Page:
Employers must ensure that they comply with federal, state, and local minimum wage laws. While the federal minimum wage ($7.25 per hour) isn’t changing next year, many other jurisdictions will have new minimum wage rates beginning in 2019. Below is a summary of these changes and guidelines to help you comply with minimum wage requirements.
Additional Information & Local Increases:*
$9.20 per hour. $8.20 per hour for employers that provide employees with healthcare and/or childcare benefits of at least $2,500 per employee per year.
$12.00 per hour for employers with 26 or more employees and $11.00 per hour for employers with 25 or fewer employees.
San Jose, CA: $15 per hour.
San Diego, CA: $12 per hour.
Oakland, CA: $13.80 per hour.
Updated 12/28/2018: After amendments to the minimum wage increase were enacted in December, the minimum wage is scheduled to increase to $9.45 per hour on March 29, 2019, instead of $10 per hour.
$9.86 per hour for employers with annual gross revenue of $500,000 or more and $8.04 per hour for smaller employers.
New York (effective December 31, 2017)
New York City: $15.00 per hour (11 or more employees); $13.50 per hour (10 or fewer employees)
Nassau, Suffolk and Westchester Counties: $12.00 per hour
Rest of the state: $11.10 per hour
Fast food employees (NYC): $15.00 per hour
Fast food employees (Rest of the state): $12.75 per hour
$12.00 per hour.
Seattle, WA: Employers with 500 or fewer employees must pay non-exempt employees at least $15.00 per hour. Smaller employers can meet this requirement by paying no less than $12.00 per hour in wages and contributing at least $3.00 per hour toward an employee’s medical benefits and/or reported tips. For employers with more than 500 workers worldwide, the minimum wage increases to $16.00 per hour.
Tacoma, WA: $12.35 per hour.
* This list includes minimum wage increases for larger U.S. cities. Several smaller cities also have increases planned for 2019. Check your local minimum wage to ensure compliance.
More 2019 Increases Coming:
The minimum wage changes noted above won’t be the last in 2019. Some states and local jurisdictions schedule their changes for July 1 or at another point during the year. Keep an eye out for changes throughout the year.
Multiple Minimum Wage Rates:
If an employee is subject to more than one minimum wage requirement (such as federal, state, and local), you should comply with the rate most generous to the employee. For example, if your state minimum wage is $10.00 and the local minimum wage is $11.00, you must generally pay the employee at least $11.00 per hour, since it is higher than the state and federal minimum wage rates. Additionally, if your business is located in one state, but you have employees (such as remote workers) working in another jurisdiction, the minimum wage in the location where the employee performs work generally applies.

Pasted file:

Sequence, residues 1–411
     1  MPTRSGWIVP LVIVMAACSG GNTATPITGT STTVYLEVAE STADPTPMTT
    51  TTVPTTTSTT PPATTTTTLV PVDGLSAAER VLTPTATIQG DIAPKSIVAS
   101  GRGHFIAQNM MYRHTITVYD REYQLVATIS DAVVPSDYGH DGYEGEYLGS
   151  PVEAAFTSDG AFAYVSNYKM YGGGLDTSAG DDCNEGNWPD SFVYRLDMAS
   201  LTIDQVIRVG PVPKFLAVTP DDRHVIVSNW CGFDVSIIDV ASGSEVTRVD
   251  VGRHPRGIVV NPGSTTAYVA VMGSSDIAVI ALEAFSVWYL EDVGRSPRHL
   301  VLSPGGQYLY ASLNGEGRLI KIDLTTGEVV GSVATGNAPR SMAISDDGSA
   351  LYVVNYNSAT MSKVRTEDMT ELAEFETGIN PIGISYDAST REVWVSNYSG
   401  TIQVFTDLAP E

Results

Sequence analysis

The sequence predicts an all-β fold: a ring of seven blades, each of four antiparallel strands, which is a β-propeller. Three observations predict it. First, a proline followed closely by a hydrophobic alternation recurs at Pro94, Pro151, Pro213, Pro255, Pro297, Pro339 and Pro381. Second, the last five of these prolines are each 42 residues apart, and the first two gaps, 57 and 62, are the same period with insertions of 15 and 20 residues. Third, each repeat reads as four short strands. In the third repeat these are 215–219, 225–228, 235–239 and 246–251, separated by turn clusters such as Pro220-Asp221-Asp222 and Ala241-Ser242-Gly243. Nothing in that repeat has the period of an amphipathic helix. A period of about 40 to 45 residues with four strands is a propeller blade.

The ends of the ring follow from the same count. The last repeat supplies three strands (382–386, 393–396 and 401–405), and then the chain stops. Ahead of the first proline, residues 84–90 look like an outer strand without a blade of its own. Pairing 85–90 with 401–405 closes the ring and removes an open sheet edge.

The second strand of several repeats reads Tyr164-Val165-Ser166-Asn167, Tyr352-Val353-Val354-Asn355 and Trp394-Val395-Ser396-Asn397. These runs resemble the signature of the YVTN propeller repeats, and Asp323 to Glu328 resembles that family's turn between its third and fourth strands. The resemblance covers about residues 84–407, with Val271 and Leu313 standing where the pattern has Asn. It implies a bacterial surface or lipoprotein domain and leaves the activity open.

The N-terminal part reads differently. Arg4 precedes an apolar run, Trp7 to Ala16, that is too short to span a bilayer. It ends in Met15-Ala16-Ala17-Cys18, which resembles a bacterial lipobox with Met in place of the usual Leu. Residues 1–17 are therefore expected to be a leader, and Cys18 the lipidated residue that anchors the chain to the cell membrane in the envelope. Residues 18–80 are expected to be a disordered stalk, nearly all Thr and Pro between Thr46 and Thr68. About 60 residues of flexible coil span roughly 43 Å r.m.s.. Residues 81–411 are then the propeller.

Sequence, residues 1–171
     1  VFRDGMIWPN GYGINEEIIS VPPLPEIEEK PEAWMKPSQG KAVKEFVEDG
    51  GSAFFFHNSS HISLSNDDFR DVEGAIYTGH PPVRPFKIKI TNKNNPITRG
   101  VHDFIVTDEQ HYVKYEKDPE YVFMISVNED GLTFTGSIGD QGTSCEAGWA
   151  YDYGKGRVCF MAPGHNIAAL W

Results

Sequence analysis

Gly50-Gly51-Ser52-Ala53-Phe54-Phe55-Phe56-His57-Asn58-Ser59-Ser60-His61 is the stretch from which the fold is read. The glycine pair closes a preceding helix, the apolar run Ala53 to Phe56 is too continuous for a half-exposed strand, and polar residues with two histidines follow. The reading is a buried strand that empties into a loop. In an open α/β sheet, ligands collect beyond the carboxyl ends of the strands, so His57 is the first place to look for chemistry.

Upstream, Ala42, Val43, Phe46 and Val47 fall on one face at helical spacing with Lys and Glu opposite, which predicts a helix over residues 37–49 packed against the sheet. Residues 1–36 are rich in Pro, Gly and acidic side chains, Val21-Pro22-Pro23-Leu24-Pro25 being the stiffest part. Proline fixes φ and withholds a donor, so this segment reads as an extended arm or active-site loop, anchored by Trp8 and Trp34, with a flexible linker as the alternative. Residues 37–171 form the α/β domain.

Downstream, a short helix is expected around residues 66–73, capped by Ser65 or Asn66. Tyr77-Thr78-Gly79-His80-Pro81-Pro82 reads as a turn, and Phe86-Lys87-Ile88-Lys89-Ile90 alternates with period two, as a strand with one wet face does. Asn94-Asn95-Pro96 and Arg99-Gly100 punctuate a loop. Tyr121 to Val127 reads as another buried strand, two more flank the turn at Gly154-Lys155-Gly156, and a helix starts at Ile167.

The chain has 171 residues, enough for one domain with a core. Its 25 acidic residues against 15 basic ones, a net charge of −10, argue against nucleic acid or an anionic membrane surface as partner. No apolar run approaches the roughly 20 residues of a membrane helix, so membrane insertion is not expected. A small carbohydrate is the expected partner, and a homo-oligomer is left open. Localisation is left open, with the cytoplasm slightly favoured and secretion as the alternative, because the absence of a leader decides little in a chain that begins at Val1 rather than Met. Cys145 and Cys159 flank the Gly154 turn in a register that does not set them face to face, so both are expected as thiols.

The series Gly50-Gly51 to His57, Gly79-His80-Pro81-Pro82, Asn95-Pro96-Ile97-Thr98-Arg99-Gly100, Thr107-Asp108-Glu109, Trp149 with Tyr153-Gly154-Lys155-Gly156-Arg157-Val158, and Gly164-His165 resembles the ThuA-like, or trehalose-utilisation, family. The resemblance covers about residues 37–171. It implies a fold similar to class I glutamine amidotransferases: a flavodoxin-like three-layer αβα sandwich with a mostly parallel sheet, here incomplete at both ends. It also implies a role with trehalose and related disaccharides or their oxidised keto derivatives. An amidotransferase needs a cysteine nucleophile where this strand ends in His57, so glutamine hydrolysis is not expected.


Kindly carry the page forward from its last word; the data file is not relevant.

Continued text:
Note: Although coverage may vary by jurisdiction, state and local minimum wage laws typically apply to almost all employers and employees. However, some requirements only apply to businesses of a certain size, or employees who perform a certain number of work hours in that jurisdiction. Check your state and local law for details.
Employees Earning More than the Minimum Wage:
When the minimum wage increases, some employers wonder if they should also provide a raise to employees already earning equal to or more than the new rate. For example, if the minimum wage increases from $9 per hour to $10 per hour, should an employee already earning $10 per hour also get a raise? While the employer is under no obligation to provide a raise, some employees may be expecting one. Consider the potential impact on labor costs, employee morale, internal equity (how employees are paid when compared with other employees within your company based on skills and experience), and your typical merit increase schedule.
Potential Impacts on Overtime Exemptions:
In some states, including Alaska, California, Colorado, Maine, and New York, the minimum salary required to be classified as exempt from overtime is tied to the minimum wage. For example, both California and Alaska require employers to pay a salary of at least twice the minimum wage to bona fide administrative, professional, and executive employees. Therefore, the new minimum wage in Alaska means that the minimum salary required for these exemptions under state law will increase to $791.20 per week on January 1, 2019. As a result of the new minimum wage, California employers with 26 or more employees must pay a salary of at least $960 per week for these exemptions beginning January 1, 2019. California employers with fewer than 26 employees must pay a minimum salary of at least $880 for these exemptions.
Note: State and federal law require that certain duties tests also be satisfied to qualify for exemption from overtime.
Ensure that you understand the minimum wage rules that apply to your employees and make any necessary updates to your minimum wage notices in each work location.